Meditation and Origins of Meditation
Meditation is training our mind to reduce stress and modify emotions. Have you ever had the feeling that you don’t control your mind? What do you live with pending thoughts, feelings and bad habits that you rarely choose? Meditation is the gym of the mind with which you will train it to bring it to a state of peace, calm and serenity.
Modern meditation practices remain based on ancient Asian spiritual and religious traditions. Today millions of people around the world practice this mental training daily. We can all meditate, irrespective of our age, health, or beliefs.
Some various meditative techniques and disciplines fall under the general umbrella of “meditation.” We will delve into them later. The final objective of all of them is to achieve a deep state of relaxation that allows to modify negative emotions and improve health and well-being.
As in the gym, if we train our minds often enough, we will achieve the desired results: developing qualities such as mindfulness, compassion and optimism; and manage difficulties such as stress, anxiety, and obsessive thoughts.
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Meditation is an ancient practice whose origin is in the Vedantism of India around 1500 BC, although there are archaeological records with figures and engravings in meditation position from 3000 BC.
Around the 5th century BC, other forms of meditation appeared in Taoist China and Buddhist India. Some centuries later, references to meditation appear in the Bhagavad Gita and the Yoga Sutras of Pantajali.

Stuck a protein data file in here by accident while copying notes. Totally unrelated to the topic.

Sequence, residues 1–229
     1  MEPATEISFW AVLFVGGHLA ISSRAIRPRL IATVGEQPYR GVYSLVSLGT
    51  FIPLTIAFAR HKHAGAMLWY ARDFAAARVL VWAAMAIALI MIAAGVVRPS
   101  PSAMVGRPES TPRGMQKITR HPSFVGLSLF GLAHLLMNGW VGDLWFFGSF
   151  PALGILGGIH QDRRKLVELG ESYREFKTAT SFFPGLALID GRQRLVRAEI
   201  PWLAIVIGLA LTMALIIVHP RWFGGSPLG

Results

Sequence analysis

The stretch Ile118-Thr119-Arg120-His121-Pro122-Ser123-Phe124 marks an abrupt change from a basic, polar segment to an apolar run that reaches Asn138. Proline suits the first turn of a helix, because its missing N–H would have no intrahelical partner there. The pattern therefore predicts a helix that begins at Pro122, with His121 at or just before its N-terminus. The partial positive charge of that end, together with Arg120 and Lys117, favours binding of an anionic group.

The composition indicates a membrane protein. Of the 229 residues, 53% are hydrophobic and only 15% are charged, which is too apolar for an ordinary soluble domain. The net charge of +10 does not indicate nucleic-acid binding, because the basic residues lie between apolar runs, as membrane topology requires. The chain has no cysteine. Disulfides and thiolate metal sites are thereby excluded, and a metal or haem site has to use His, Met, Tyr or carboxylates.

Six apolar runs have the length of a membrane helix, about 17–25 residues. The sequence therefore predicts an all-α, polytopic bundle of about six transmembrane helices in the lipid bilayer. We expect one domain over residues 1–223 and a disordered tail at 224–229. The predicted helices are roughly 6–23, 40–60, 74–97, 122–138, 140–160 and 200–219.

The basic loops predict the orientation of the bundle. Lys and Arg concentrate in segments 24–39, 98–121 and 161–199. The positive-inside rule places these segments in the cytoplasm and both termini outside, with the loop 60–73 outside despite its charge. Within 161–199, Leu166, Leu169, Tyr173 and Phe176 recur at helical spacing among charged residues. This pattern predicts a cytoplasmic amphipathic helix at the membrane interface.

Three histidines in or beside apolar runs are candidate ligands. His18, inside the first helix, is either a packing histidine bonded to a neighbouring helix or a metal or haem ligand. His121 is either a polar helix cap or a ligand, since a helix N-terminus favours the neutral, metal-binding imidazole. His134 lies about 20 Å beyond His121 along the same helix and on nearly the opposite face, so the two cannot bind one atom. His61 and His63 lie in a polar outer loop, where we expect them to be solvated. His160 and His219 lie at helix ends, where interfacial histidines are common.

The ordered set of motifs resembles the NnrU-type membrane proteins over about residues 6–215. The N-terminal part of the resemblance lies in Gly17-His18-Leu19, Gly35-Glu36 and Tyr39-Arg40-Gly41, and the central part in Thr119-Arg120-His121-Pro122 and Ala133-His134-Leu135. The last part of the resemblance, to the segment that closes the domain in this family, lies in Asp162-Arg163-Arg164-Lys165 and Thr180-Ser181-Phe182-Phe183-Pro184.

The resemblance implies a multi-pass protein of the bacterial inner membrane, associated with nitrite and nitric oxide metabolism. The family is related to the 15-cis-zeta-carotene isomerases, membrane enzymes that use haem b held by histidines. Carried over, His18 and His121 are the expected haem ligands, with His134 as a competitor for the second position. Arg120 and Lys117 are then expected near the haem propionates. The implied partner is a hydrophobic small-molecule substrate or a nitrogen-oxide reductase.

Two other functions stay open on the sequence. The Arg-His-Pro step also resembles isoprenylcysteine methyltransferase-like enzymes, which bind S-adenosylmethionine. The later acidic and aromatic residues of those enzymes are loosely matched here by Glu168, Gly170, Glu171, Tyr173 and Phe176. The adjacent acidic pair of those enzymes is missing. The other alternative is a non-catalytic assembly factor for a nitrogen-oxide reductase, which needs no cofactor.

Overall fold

Already in the West, Philo of Alexandria wrote about mental concentration exercises in 20 BC. In the third century, the Greek philosopher Plotinus developed meditation techniques, although with negligible diffusion.
Meditation grew in the East hand in hand with Buddhism. Thus in the 8th century, the Japanese monk Dosho opened the first meditation hall in Japan. In 1227, the Japanese priest Dogen laid the foundations for Zen meditation.
In the West, the monk Guigo II first introduced this terminology in the 12th century. The term comes from the Latin medium, which means “to reflect.” During the Middle Ages, meditation remained introduced into Jewish religious traditions, Islamic Sufism, and Christianity.
The early 20th-century translation of the Tibetan Book of the Dead attracted Western public interest in this practice. Next came the vipassana movements and mindfulness.
Meditation remains now practised worldwide, and its beneficial effects on the body and mind have remained proven. Dr Herbert Benson pioneered studies on the benefits of meditation, being one of the first Western physicians to bring spirituality to medicine.
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